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Black Food GeographiesRace, Self-Reliance, and Food Access in Washington, D.C.$
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Ashanté M. Reese

Print publication date: 2019

Print ISBN-13: 9781469651507

Published to North Carolina Scholarship Online: May 2020

DOI: 10.5149/northcarolina/9781469651507.001.0001

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PRINTED FROM UNIVERSITY OF NORTH CAROLINA PRESS SCHOLARSHIP ONLINE (www.northcarolina.universitypressscholarship.com). (c) Copyright University of North Carolina Press, 2021. All Rights Reserved. An individual user may print out a PDF of a single chapter of a monograph in NCSO for personal use.date: 22 September 2021

What Is Our Culture? I Don’t Even Know

What Is Our Culture? I Don’t Even Know

Nostalgia and Memory in Evaluations of Food Access

Chapter:
(p.69) Chapter Three What Is Our Culture? I Don’t Even Know
Source:
Black Food Geographies
Author(s):

Ashanté M. Reese

Publisher:
University of North Carolina Press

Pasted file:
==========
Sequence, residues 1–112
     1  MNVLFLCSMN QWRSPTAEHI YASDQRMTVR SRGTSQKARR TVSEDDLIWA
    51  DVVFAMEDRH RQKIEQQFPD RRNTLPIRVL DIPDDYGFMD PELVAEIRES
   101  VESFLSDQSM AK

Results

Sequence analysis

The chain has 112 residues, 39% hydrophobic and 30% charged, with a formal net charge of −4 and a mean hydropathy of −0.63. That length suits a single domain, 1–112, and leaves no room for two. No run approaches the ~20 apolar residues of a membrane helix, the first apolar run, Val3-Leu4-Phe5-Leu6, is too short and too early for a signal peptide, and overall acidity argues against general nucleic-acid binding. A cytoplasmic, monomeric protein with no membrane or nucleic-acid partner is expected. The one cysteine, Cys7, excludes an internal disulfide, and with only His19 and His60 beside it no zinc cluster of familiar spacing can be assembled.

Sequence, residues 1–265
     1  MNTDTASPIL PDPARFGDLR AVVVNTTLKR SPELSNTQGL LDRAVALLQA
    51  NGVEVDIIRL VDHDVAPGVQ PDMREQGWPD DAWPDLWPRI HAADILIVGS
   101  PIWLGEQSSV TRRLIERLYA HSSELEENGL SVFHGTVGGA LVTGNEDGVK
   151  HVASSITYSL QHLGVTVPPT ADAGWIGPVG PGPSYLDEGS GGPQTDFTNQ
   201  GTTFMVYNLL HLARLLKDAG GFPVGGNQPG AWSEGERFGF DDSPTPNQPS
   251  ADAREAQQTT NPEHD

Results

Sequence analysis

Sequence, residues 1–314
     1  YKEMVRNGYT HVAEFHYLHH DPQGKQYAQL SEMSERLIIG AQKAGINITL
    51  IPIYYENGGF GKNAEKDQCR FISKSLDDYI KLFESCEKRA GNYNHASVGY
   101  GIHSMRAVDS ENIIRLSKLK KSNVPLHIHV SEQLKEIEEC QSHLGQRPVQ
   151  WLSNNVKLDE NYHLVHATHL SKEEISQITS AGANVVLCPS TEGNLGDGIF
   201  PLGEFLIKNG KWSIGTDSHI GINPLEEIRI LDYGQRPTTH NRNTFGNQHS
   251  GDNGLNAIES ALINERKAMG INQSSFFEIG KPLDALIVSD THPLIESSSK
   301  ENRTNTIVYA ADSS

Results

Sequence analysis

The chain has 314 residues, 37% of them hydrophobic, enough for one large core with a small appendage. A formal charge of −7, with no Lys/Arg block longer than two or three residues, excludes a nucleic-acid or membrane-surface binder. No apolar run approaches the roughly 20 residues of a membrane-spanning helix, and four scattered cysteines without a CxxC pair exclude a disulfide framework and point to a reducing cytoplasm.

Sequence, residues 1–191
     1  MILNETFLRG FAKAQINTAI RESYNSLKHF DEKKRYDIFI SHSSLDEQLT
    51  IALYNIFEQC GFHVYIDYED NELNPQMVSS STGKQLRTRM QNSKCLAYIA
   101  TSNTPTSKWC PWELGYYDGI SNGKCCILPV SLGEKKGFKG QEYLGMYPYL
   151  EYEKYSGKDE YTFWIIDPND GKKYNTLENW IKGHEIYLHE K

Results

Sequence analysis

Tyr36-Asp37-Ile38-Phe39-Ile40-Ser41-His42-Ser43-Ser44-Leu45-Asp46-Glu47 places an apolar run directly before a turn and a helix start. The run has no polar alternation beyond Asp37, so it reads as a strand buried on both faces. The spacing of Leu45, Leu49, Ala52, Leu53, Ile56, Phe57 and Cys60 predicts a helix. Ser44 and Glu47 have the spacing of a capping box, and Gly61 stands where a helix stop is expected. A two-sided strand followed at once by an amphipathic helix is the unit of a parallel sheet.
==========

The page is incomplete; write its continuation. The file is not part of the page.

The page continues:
DOI:10.5149/northcarolina/9781469651507.003.0004

This chapter turns to the role of nostalgia in placemaking, community building, and the ways residents evaluated their local food system. In it, residents discuss self-reliance as a foundational ethos in the neighborhood’s history and also offer critiques of themselves and each other for not embodying self-reliance in the present, reflecting on the question “who is responsible?” for unequal food access. This chapter makes a claim that nostalgia plays an important role in the stories that people tell about food in the neighbourhood.

Keywords:   Nostalgia, Self-Reliance, Responsibility

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